adam has since developed the system further to facilitate outcome-based commissioning. The system allows the individual’s wellbeing to the be the driving force for the service provided. The requirement comes equipped with a set of outcomes that must be achieved. The provider then has the ability to demonstrate through the system how they plan to meet said outcomes. The Service User journey can be tracked on the system through Service reviews and provider quality questionnaires and assessments.

Can you describe for us how you think the marketplace is going to change?

We’ve tried to break-down the barriers for Providers to get accredited on the system, so we’ve taken a lot of process from the front-end and moved it to the back. Yes, there are certain criteria Providers have to satisfy. There are certain policies they have to have and they have to be a financially stable organisation, but we have tried to strip out any onerous requirements. It was quite key at the beginning, because we wanted to broaden our marketplace without putting anyone at risk. We needed to decide what we could remove from the front end to give suppliers the opportunity to get onto the system. We realised a lot of the specifics about the Provider’s ability to deliver services for the person can be captured within the requirements stage. Yes, we’ve broken down a lot of barriers to make it easy to get onto our system, but actually they’ll have to demonstrate it through the requirements’ end.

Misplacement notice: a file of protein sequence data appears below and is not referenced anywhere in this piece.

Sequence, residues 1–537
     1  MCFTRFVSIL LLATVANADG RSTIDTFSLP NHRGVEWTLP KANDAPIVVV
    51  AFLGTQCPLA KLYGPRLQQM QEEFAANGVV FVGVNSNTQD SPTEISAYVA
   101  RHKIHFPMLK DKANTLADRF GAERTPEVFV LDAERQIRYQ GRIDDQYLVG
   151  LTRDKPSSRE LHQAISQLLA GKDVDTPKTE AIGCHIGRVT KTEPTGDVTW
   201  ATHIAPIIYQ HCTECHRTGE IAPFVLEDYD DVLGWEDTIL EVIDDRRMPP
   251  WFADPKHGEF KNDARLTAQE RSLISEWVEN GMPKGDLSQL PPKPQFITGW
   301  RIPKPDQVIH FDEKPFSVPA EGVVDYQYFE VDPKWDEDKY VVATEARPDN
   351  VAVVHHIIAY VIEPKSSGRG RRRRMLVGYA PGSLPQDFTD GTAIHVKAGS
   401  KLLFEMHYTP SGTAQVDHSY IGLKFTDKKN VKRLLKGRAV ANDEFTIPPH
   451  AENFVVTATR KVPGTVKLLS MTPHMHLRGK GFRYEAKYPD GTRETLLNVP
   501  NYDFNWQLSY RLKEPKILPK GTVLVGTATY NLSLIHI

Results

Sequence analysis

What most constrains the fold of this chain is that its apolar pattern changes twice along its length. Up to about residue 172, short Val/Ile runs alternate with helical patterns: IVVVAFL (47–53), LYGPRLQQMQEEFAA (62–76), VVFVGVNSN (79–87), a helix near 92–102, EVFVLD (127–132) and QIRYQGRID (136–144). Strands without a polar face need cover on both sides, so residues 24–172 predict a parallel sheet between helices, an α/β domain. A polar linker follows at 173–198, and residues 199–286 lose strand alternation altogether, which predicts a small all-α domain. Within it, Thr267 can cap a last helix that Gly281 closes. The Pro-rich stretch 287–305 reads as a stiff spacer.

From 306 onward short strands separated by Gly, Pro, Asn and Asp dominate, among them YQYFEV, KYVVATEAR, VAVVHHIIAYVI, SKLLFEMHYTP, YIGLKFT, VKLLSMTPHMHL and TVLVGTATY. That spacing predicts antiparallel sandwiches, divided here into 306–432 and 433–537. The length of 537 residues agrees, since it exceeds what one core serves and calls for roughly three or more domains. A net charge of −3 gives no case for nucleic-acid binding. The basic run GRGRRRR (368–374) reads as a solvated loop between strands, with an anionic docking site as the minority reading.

During the onboarding process on the system, BHCC providers are required to load certain proof of insurances, training certificates and CQC registration and/or certificate. There is also the option to ask a set of quality questions during this onboarding process. These quality questions are then fed into a Provider Quality Score which can impact commissioning decisions if necessary. The main success here is the fact that Brighton have a compliant and selected market of trusted providers; ultimately making filling packages that much more streamlined and efficient and in turn aiding BHCC to avoid provider failures and packages being handed back.

There has been a lot of support from adam and the whole process has been smooth. The system went live on the 4th of April 2015 for us. There’s been a clear message from the Director of Social services that any new packages will have to go through the system. Now, it’s about making that happen and facilitating it. It’ll be a learning as we go situation, so it’ll be interesting to see how it progresses. For us, it’s a lot about behaviour and culture and how we use the adam Social Care tool to help change some of that. There’s also a big-push to get current packages reviewed and then put them back through the adam system.